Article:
Bob Dylan, "Positively 4th Street," that particular song showed me that American -- I remember thinking the American pop song has finally grown up. You can sing about anything now. You know, "you've got a lot of nerve to say you are my friend." Just in that statement, it was a different kind of song than I ever heard, you know. And I never thought of songs and poetry as being -- to me they were apples and oranges. I loved "Tutti Frutti." Lyrics weren't important to me. I was a dancer. So if you could dance to it, I didn't care if the words were any good. But I wrote poetry secretively, you know. (Laughs). Didn't show it to anybody.
Q. A lot of folk music festivals have expanded their borders to many other different kinds of music. Does it make it easier these days for musicians to become less typecast, less suited for one particular style, get outside of what they (inaudible)?
JM: I think it's still difficult in the commercialization of it because radios grab -- they say, okay, we're going to take boys from 16 to 22 and they like this, you know, and then you just get that all day long. Radio has been kind of locked in that way. And a lot of people fell through the cracks. In L.A. I don't know anyplace else on the radio station. I know in Canada they play like three songs of mine over and over again so, you know, it's like I only wrote three songs basically and those -- whereas in L.A. they play me on a station called The Wave which is kind of a jazz, not instrumental music on it, jazz-ish station.
Now there's a new FM station there that's quite broad, and there are a lot of people that weren't getting any airplay. I imagine right now it's very successful. It's got a -- I don't know how they rate those things if their listenership falls off it may become more formulated but, no, basically it's like churches. They don't want you to be a Baptist-Buddhist-Catholic, you know. They say you have to pick one and fight fiercely against the others, so that I lost my airplay when I made the "Mingus" album. The radio just cut me off. An expatriate once again. I've been kicked out of every school of music there is. Nobody knows what I do, you know. It doesn't fit. But now I've spawned some imitators so there's a school of people who also, you know, woe be to the person who wants to emulate my music because they wouldn't get on the air. Now there's a place for all of us, in L.A. at least.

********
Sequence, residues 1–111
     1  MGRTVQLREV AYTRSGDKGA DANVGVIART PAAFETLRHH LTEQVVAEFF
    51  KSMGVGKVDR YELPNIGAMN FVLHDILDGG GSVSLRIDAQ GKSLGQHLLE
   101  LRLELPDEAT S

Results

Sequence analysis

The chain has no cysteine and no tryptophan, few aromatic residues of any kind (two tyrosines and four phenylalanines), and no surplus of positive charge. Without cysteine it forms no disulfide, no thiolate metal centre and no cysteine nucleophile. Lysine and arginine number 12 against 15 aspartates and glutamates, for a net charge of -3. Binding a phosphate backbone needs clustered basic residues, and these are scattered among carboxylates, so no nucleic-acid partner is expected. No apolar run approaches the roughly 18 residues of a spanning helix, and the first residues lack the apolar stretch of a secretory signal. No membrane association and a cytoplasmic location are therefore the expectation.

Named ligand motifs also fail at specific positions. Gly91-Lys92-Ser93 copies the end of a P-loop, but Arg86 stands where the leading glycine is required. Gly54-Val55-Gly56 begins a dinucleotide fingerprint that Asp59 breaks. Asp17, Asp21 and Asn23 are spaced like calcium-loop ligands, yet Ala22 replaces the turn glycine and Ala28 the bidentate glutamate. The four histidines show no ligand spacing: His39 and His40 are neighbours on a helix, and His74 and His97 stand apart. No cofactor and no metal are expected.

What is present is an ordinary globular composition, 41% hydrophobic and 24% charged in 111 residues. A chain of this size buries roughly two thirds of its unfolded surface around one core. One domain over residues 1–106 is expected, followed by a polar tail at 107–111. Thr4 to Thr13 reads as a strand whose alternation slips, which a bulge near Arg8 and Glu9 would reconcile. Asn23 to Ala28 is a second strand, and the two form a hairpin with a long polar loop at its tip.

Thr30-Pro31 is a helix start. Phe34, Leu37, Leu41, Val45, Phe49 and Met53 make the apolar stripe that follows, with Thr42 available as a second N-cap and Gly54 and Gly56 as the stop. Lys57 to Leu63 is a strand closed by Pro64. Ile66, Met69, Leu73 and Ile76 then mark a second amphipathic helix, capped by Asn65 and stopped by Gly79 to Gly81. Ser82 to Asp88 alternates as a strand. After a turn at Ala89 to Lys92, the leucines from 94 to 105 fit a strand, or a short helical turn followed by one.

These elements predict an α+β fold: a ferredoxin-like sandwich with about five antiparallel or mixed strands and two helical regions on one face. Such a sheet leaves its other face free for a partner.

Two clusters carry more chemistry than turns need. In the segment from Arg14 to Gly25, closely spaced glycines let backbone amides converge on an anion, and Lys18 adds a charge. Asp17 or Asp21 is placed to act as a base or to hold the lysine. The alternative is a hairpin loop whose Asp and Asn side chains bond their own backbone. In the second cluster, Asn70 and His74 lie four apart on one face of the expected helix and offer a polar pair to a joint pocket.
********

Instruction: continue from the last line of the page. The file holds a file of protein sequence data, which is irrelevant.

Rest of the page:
Q. When you look back at your body of work, is there any particular albums that you feel where you got exactly what you wanted or that are particular favorites of yours, and to my knowledge there isn't a "Best of Joni Mitchell" record yet, is there?
JM: No. No I've kept that at bay as long as I -- I can't keep it -- they're going to make me do it now. I just signed a new contract, and I had to sign that I will do that now. But I wanted to keep my catalogs fluid, you know. I didn't want -- I just didn't like the idea.
Q. Do you get to pick the songs on it?
JM: Oh, yeah. I've got artistic control. That's one thing that's good.
JM: Well, I work on an album until I'm satisfied with it. You know, I've had the luxury of doing that. You know, there are things I would go back and change, but a lot of it holds up. You know, I think I got it right the first time.
There's a track here and there that I would like to cut again maybe in a different way. But, you see, I'm not -- I made 13 albums without a producer, which is unheard of. I don't think there's anybody else in the business that ever did that. Because I don't -- to me, I said, "I'm not lettuce. What do I need a producer for?"
In the beginning all you had to do was go in with your guitar and sing. And David Crosby produced my first album but basically he didn't. He just said he was going to so that they wouldn't try to make me into folk rock and laminate. So the record sold moderately and as long as the company made a profit then you had some freedom.
So the next 13 I made with an engineer with no producer. That way I can keep my -- Mozart didn't have a producer, you know what I mean? I don't need an interior decorator for my music. All the mistakes, the things you like about it and don't like about it -- evolved. I have no mechanical aptitude. So he turns it on and I play it. I've been able to fortunately make -- I don't have the regrets of other artists who were interior decorated out of their art, you know. They're all my mistakes and victories.
Q. We heard one collaboration between you and Don Freed last night. Don Freed's a real well-known musician in these parts. I wondered if you are co-writing with him?
JM: Well, we wrote that one, didn't we?
Q. Are you going to write any more?
JM: I don't know.
Q. Okay. I was just wondering if that's the sole --
JM: Yeah, that's his lyric and I set it to music.
Q. Have you known him since you lived in Saskatoon (inaudible)?
JM: He's a friend of my mum's. Because they both still live there and we became friends recently. But we've known each other, probably been in the same room, for 30 years.
JM: Oh, yeah. I mean since the London show, I have probably as much material. I've gone through two periods since the London show. When was that? I think it was '88. I think it was about three years ago. Because I go back and forth between drawing and painting and the camera. So I've had a show in L.A., quite a large show, of photographs since that time and Scotland. Also I had an exhibition and I've gone back to small landscapes like mountainscapes. I went back into Gaugin and Van Gogh-land, that period.
Q. Any chance we could get to see an art show (inaudible)?